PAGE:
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Stockbridge looks at
service delivery options

 

By Monroe Roark
Times Correspondent 

  Three of the four cities in Henry County have their own police departments. The lone exception is Stockbridge – also the largest city in the county by population.

  For more than two decades, the Henry County Police Department has been responsible for police service to Stockbridge, and currently the city pays $500,000 to the county each year for that service.

The Harold L. Cochran Public Safety Center in Stockbridge serves as the Henry County Police North Precinct. Stockbridge remains the only city in Henry County without its own police department.                                                    Special photo

  Citizens and elected officials elsewhere in Henry County have suggested that Stockbridge is getting a sweet deal, and the fee should go up. Others have tossed around the idea of Stockbridge forming its own police department, and that discussion seems to heat up every few years.

  But Mayor Mark Alarcon suggested last week that putting such an emphasis on police service is not what city officials are doing.

  House Bill 489 dictates that municipalities formulate a service delivery strategy (SDS). In Henry County, that means that county officials and leaders from all four cities have to reach intergovernmental agreements in more than 40 categories.

  According to Alarcon, police service is one of those categories being looked at – no more and no less than any of the others right now.

  The SDS is being re-evaluated because local option sales tax (LOST) negotiations were completed a few months ago. The cities will split 35 percent of the pie this year and next year, and 34 percent from 2015-2022.

  Stockbridge’s share of that amount will gradually increase, from 11.03 percent this year to 11.14 percent next year, 11.25 percent in 2015 and 11.36 percent in 2016. Each city’s share is based upon population.

  On top of that, county and city officials are trying to determine what items they want on the list for a new SPLOST that will go before the voters later this year. That list is expected to be finalized by the end of this month.

  “For some reason, it seems that the police piece of the SDS is getting more attention than anything else,” said Alarcon. “We are not at all dissatisfied with the current police service in Stockbridge. We have to look at things from a fiscally conservative standpoint as far as the best use of our dollars.”

  The mayor noted that recent SPLOST talks included a $900,000 police vehicle cost estimate on the city’s side of the ledger.

  “The question was raised at the time whether this would be used by us to start a new police department or to purchase for the county. The bottom line is, those are monies that need to be addressed no matter which way it goes,” he said.

  The City Council has not discussed service delivery in general or police service in particular in 2013.

  “When it comes to public safety, it is not all about dollars and cents. It is about what we are elected to do with regard to the protection of all our citizens,” said Alarcon. “This is a process that has to be exercised and managed whether it is sanitation or any other category. Police service should not get any more attention that the others.”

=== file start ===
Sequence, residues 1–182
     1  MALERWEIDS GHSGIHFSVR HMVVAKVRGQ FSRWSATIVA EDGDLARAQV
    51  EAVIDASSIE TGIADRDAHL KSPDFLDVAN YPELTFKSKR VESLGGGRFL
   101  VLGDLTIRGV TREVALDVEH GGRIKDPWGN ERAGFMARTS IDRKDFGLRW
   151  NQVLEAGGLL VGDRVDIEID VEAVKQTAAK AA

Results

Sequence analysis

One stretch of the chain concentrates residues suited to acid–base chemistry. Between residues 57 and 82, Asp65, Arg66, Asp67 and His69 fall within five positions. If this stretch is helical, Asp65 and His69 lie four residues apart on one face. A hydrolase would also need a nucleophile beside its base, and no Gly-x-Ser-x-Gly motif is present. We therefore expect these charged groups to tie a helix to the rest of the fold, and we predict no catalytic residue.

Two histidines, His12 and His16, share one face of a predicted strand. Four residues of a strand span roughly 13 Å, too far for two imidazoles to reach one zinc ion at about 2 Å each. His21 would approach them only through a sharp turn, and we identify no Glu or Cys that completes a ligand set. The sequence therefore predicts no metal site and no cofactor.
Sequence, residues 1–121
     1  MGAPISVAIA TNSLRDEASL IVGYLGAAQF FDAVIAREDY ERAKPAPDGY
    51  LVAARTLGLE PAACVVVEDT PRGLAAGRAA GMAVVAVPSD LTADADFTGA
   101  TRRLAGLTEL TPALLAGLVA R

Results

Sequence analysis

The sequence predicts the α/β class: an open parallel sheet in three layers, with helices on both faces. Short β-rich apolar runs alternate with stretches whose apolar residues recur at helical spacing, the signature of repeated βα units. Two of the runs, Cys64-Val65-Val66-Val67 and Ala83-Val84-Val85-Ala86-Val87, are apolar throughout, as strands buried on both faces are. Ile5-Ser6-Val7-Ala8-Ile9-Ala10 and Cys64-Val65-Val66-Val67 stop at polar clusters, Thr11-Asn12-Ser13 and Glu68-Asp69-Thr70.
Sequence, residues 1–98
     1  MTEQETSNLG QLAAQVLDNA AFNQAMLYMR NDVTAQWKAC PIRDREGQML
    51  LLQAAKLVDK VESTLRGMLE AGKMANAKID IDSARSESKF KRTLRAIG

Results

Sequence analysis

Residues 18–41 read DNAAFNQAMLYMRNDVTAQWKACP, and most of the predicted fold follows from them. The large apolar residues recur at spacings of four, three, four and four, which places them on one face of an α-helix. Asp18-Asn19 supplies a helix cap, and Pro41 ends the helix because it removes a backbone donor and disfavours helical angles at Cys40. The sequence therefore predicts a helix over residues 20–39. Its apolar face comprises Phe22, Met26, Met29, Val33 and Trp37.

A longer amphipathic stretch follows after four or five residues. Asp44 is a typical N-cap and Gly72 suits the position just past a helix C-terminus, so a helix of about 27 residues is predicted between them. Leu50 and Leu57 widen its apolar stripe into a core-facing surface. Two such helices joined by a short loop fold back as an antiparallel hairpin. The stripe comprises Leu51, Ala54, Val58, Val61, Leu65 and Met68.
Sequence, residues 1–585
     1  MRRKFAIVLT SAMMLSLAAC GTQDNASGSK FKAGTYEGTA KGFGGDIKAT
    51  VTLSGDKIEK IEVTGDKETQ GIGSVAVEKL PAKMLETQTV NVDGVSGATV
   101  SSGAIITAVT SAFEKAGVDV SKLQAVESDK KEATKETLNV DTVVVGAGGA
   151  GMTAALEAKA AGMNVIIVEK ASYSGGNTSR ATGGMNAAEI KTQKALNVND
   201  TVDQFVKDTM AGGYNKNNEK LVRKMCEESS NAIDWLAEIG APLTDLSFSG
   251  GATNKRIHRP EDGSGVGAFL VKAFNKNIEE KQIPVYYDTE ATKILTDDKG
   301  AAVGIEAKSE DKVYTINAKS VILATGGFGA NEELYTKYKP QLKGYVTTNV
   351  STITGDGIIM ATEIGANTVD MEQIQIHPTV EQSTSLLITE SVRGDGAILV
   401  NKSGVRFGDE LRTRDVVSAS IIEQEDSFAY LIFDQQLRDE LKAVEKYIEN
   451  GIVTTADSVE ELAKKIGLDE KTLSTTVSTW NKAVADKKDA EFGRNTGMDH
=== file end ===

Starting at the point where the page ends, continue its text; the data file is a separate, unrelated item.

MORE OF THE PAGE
As for the $500,000 annual cost to the city for the police, Alarcon noted that the department’s Stockbridge precinct now sits in “a $1.3 million state-of-the-art facility, and the city of Stockbridge pays 100 percent of the bond against that building.” He added that the Cochran Library and the tag office, both of which are operated by the county, are located in buildings owned by the city, which also donated the property for the new Fire Station 9.

  “We have, historically, had great success collaboratively between the city of Stockbridge and the county when it comes to service delivery, and the intergovernmental agreement is just a more detailed way of defining how those services are being done,” said Alarcon. “There is a lot that Stockbridge brings to the table when it comes to service delivery strategy.”

  On the county side, Board of Commissioners Chairman Tommy Smith said that while he is “always looking at every avenue to ensure the citizens of Henry County get a fair shake,” any possible change in police service for Stockbridge is far off on the horizon.

  “There has been talk about it ever since I became chairman,” said Smith. “But as far as officially talking to Stockbridge, I have not talked to the first person about this since I have been in office. I don’t know how the City Council is going to look at it, and it’s none of my business.”

  Smith conceded that he has heard comments from many people in the county outside of Stockbridge who think the city’s current deal is “like a gravy train. The service they are getting and what the county is supplementing is mind-boggling.”

  One comment that perhaps represented both sides of the argument was expressed by District IV Commissioner Reid Bowman, whose district includes most of the city of Stockbridge.

  “While each city has to determine what is in its best interest, as does the county, we need to remember that Stockbridge residents are a part of Henry County and pay county taxes like everyone else,” said Bowman.

 

 

©Henry County Times, Inc.